A Quiet Place
I’m going to go out on a limb here and make a prediction: by the time December 31st rolls around, John Krasinski’s A Quiet Place will be on the Top Five lists of a hell of a lot of film fans.
And not just horror fans, either; because this is a piece of pure cinema and a masterclass in taut, tense filmmaking.
What? You think that you’re not the type of person who could sit through a movie that stars only two adults and two children; and which tells its story almost completely through long silences and subtitled sign language?
Think again; because you won’t move from your seat during this tight hour-and-a-half.
Of course, it’s not really silent at all. Seldom have I been made so appreciative of the talents of sound engineers. Every hushed footfall, every drop of falling water damned near takes on characteristics all of their own. In fact, this film makes you realise just how much you hear without actually being aware that you are hearing anything at all.
In the stunning, what-the-hell-did-I-just see prologue, we are into Day 89 of an unspecified disaster that has left the planet almost devoid of human life. Then, after the single title card we find ourselves over a year later, living with Lee and Evelyn (played by Krasinski and real-life wife Emily Blunt), two unshowy survivalists who are the parents of a deaf daughter Regan (Millicent Simmonds) and a hearing son Marcus (Noah Jupe).
Screenwriters Bryan Woods, Scott Beck and Krasinski, show us with sparse economy that whilst there are only small enclaves of humanity left, the survivors have necessarily adapted to existing in a world where they dare not make the slightest sound. For anything at all will bring them to the attention of barely glimpsed nightmare-creatures that kill with appalling suddenness and utter remorselessness.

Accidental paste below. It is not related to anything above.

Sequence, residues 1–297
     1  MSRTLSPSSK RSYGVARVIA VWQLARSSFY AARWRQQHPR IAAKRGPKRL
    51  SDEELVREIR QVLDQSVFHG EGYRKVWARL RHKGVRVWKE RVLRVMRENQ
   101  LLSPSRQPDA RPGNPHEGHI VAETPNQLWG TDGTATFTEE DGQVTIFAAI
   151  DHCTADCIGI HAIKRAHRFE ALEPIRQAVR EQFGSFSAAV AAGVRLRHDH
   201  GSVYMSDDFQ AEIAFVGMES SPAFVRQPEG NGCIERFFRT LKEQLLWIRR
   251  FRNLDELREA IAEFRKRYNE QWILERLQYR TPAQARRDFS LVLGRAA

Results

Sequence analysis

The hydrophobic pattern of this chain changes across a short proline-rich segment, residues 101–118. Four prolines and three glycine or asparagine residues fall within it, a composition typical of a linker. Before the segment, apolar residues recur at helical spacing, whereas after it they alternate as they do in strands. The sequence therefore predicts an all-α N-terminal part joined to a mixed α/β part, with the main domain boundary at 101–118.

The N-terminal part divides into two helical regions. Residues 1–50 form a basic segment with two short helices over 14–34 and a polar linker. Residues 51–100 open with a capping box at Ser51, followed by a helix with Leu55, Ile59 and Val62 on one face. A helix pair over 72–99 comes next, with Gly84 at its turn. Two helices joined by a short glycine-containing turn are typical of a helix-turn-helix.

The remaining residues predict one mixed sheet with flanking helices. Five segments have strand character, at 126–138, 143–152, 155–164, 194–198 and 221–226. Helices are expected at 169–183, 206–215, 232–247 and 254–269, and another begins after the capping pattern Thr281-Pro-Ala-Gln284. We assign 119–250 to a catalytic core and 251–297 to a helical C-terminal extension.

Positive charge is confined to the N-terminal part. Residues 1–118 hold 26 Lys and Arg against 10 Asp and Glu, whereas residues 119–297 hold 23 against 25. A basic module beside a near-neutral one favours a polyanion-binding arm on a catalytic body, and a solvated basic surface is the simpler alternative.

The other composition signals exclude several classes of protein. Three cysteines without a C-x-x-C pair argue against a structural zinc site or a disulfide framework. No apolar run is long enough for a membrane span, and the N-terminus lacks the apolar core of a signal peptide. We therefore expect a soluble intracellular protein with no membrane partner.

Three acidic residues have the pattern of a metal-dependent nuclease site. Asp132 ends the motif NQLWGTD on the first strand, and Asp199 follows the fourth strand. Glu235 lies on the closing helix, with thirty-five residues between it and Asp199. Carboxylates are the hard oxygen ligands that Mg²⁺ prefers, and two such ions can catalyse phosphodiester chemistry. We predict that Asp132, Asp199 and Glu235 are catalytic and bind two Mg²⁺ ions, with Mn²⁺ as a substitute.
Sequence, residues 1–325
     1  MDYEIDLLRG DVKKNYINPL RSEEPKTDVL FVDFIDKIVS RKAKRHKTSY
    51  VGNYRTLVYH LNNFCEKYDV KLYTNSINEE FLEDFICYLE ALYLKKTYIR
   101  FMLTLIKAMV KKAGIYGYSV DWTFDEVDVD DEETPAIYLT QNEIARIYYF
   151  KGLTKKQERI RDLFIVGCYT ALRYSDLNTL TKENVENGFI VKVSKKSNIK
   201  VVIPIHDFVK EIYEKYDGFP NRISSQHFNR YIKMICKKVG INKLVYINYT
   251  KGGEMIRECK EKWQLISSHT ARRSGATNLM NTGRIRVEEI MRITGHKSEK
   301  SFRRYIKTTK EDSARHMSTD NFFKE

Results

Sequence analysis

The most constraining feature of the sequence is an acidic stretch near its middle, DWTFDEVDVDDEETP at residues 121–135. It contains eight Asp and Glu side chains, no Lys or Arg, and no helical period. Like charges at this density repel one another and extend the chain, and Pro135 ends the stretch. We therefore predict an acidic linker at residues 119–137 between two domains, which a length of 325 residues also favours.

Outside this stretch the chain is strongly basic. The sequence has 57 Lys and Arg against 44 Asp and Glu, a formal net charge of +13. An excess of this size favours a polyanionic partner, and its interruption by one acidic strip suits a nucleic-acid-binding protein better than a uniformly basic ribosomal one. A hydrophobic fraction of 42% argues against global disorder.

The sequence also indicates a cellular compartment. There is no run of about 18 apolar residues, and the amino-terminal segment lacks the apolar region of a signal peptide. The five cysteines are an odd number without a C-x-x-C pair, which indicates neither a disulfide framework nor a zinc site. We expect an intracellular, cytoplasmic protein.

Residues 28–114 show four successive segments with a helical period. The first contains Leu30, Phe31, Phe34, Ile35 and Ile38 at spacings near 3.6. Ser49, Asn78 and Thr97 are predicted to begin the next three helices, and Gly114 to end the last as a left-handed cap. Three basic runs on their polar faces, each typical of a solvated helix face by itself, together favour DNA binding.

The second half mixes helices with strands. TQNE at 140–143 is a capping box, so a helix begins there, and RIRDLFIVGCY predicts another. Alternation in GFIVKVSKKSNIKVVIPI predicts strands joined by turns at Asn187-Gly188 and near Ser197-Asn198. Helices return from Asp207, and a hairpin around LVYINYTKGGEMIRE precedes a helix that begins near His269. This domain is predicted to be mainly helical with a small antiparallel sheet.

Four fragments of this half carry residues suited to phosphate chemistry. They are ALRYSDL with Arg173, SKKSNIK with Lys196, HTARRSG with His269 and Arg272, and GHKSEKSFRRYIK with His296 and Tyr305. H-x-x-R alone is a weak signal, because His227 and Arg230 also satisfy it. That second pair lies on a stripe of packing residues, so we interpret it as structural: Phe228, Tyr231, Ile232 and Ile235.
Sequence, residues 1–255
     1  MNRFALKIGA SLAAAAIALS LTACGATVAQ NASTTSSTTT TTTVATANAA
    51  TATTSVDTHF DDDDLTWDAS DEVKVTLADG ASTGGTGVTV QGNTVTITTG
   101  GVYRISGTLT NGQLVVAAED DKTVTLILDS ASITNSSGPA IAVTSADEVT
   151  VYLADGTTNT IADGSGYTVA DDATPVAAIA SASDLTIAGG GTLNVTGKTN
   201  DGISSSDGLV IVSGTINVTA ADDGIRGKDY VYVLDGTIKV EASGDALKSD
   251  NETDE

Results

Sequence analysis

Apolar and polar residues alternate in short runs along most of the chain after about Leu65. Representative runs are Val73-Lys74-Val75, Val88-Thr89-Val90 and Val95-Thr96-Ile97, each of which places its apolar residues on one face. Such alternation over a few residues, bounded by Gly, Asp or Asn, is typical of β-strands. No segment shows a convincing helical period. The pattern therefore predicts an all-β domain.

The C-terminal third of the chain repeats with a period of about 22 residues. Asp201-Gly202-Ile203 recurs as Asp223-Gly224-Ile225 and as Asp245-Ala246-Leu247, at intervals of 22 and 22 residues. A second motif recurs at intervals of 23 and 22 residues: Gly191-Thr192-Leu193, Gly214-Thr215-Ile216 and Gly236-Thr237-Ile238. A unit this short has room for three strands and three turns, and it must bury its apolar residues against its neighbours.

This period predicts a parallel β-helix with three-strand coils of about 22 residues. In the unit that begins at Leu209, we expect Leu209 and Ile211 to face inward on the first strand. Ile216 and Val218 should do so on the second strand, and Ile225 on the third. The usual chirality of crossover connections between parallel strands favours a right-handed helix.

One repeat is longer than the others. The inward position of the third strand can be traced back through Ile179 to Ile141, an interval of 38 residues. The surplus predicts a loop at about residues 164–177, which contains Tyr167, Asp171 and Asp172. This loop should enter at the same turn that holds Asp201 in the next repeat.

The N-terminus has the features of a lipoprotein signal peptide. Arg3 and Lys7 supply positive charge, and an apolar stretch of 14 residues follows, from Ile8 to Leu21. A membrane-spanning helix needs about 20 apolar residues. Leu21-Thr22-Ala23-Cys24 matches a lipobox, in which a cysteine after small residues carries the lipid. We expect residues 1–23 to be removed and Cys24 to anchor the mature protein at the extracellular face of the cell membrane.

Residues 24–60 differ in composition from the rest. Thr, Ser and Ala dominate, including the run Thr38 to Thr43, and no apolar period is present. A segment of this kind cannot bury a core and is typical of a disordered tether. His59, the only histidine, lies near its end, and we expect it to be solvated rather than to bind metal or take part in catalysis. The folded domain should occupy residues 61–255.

Lee is a resourceful man and has set up a complex system around his isolated home that is designed to keep them as safe as they can be from the horrors; but when we notice that Evelyn is pregnant we find ourselves wondering how on earth they can bring a screaming child into this world without the obvious consequences.
We really learn to care about this family. And we suffer through every moment with them as they try to make this unnatural life as normal for their kids as they can. Evelyn schools them and Lee come up with small but essential little things to help them to survive – right down to something as deceptively simple as marking the floor so that Millicent can navigate around without inadvertently steeping on a creaking floorboard. Yes, these creatures are that sensitive to the slightest sound.
I can’t begin to tell you how clever this film is and want to make sure not to give away the slightest plot detail. So I’ll just say that within this tight narrative framework we still manage to get a beautiful story of family love; grief; loss; and of misplaced guilt.
The temptation must have been there to do the film entirely without a musical soundtrack, but Marco Beltrami’s score works perfectly, counterpointing and occasionally commenting on what we are seeing on the screen. Add great cinematography from Charlotte Bruus Christensen and editing by Christopher Tellefson, not to mention those anonymous but brilliant sound engineers and you have a damned near perfect film.
Forget all that guff about last year’s overrated Get Out.
A Quiet Place is the real deal. Don’t miss it.